Searchable abstracts of presentations at key conferences in endocrinology
Endocrine Abstracts (2005) 9 P60

BES2005 Poster Presentations Growth and development (48 abstracts)

PTTG and PBF in human placenta: the effects of intra-uterine growth restriction

K Boelaert 1 , HN Pemberton 2 , JN Bulmer 3 , CJ McCabe 1 , JA Franklyn 1 & MD Kilby 2

1Division of Medical Sciences, University of Birmingham, Birmingham, UK; 2Division of Reproduction and Child Health, University of Birmingham, Birmingham, UK; 3School of Clinical and Laboratory Sciences (Pathology), University of Newcastle upon Tyne, Newcastle upon Tyne, UK.

During early development, the extravillous and villous placenta form by a process of proliferation and differentiation resulting in invasion of the uterine decidua and myometrium. The invasion of tissues during placentation is a model for the proliferative and invasive processes which occur during tumourogenesis. Pituitary tumor transforming gene (PTTG) interacts with a binding factor PBF, and PTTG expression correlates with tumor invasiveness in many neoplasms. We hypothesised that the invasive processes which occur during placentation may be related to PTTG and PBF expression and that their expression profile may be altered in malplacentation syndromes which are associated with reduced trophoblast invasion. We therefore examined the expression of these genes in placentae from normal pregnancies and those affected by intrauterine growth restriction (IUGR). PTTG mRNA expression increased with advancing gestational age reaching a peak at 13-20 weeks (13-fold increase compared with 6-8 weeks cohort, p=0.001), whereas PBF mRNA decreased through gestation reaching a nadir at 27-34 weeks (64% reduction compared with 6-8 weeks, p=0.001). Markedly increased PTTG mRNA levels were detected in both early (7.3-fold increase compared with gestation matched normal samples, p<0.001) and late (3.9-fold increase, p=0.017) IUGR-affected pregnancies. Similarly, PBF expression was increased in both early (7.9-fold, p<0.01) and late IUGR (5.1-fold, p<0.01). Western blotting of normal placentae confirmed the presence of PTTG protein in normal and IUGR affected placentae from the first trimester onwards. Immunohistochemical analysis demonstrated marked cytoplasmic and nuclear staining in the syncytio- and cytotrophoblast of villous placenta, with little immunostaining of the villous stroma.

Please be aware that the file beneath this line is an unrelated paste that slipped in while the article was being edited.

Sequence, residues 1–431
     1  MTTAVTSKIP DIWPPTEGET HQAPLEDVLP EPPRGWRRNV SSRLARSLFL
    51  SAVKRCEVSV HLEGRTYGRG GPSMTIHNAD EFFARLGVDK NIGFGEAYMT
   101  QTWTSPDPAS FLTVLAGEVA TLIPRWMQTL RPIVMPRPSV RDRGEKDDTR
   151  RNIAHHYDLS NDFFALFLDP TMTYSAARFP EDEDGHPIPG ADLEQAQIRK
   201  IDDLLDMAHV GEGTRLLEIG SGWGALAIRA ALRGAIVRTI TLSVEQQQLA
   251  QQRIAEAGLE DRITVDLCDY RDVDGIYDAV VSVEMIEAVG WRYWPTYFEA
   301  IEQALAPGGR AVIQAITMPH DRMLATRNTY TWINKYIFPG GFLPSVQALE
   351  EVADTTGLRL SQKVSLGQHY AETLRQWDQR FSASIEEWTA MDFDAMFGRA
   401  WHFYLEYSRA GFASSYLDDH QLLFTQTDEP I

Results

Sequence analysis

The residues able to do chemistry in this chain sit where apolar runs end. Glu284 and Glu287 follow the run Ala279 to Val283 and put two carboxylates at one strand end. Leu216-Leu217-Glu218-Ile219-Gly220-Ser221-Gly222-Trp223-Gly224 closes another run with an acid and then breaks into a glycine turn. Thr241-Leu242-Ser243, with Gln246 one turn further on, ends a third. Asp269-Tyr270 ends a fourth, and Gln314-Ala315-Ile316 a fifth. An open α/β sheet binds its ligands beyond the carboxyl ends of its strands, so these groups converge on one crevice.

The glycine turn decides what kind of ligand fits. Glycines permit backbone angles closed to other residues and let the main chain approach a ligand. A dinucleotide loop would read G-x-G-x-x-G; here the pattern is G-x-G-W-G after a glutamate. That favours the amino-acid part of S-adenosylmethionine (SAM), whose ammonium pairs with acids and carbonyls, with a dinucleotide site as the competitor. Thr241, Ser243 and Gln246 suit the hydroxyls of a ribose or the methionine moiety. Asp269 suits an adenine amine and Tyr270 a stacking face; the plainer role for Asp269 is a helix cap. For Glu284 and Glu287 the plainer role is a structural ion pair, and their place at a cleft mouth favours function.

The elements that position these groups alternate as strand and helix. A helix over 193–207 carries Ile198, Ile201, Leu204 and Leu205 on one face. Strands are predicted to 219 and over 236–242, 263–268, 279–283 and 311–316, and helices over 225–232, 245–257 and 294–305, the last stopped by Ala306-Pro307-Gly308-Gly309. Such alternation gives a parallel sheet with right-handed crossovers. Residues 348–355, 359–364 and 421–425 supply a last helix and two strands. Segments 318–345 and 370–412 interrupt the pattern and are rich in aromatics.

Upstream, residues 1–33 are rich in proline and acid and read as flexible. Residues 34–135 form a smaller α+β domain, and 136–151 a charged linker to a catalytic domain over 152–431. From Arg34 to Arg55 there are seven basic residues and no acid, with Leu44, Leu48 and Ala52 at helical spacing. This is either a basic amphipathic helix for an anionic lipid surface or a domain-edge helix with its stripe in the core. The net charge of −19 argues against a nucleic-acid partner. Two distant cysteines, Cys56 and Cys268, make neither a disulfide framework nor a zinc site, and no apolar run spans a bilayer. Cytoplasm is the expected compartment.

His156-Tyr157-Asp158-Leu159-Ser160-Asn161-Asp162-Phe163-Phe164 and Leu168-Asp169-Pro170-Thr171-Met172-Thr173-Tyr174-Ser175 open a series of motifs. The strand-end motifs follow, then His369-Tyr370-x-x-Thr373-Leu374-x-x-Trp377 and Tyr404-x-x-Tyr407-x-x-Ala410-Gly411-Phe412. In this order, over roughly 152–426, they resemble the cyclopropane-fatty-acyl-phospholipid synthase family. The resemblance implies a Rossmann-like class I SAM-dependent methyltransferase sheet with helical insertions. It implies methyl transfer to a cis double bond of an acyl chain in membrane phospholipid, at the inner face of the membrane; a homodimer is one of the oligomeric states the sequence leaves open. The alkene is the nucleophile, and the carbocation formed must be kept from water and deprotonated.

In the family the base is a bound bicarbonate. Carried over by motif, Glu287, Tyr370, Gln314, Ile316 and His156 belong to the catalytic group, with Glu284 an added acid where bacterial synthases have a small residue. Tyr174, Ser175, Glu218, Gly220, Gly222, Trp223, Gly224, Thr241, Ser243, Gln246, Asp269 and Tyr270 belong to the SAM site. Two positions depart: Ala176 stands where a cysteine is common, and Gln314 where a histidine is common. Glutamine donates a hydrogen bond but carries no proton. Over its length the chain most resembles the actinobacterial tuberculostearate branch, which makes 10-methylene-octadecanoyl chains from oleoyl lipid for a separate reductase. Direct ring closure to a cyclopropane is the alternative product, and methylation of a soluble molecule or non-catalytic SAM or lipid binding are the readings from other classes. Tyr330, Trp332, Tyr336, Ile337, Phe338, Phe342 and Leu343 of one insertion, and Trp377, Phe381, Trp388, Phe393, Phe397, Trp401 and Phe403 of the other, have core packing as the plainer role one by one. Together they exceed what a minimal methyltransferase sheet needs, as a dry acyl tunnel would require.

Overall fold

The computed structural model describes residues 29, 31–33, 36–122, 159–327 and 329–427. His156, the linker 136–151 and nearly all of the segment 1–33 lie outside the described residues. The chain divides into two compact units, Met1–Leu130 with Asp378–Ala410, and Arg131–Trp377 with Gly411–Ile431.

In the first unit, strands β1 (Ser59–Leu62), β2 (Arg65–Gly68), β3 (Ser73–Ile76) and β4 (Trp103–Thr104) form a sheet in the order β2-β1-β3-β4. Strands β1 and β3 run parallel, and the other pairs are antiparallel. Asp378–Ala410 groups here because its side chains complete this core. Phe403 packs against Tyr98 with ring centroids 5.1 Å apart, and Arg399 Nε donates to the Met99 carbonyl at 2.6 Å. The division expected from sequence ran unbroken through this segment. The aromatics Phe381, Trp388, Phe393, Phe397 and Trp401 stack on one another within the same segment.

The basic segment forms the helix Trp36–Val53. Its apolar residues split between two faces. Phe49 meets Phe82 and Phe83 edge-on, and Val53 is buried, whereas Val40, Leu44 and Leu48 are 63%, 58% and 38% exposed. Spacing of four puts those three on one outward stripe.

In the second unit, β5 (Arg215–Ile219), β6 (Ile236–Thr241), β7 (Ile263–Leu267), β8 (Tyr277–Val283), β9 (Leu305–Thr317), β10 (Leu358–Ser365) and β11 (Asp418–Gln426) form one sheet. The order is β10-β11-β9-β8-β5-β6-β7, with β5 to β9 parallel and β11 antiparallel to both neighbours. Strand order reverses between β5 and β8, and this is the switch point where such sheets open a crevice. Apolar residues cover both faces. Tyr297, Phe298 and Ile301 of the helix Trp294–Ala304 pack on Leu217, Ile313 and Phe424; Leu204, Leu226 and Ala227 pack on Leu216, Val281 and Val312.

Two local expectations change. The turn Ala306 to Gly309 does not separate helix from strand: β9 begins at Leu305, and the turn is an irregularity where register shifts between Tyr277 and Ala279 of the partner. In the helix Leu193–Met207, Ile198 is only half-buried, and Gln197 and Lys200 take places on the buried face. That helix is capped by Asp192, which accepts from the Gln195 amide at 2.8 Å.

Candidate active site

Conclusion: We propose that PTTG and its binding factor PBF may play a role in influencing proliferation and migration of the trophoblast, processes which are abnormal in malplacentation syndromes, such as IUGR.

Volume 9

24th Joint Meeting of the British Endocrine Societies

British Endocrine Societies 

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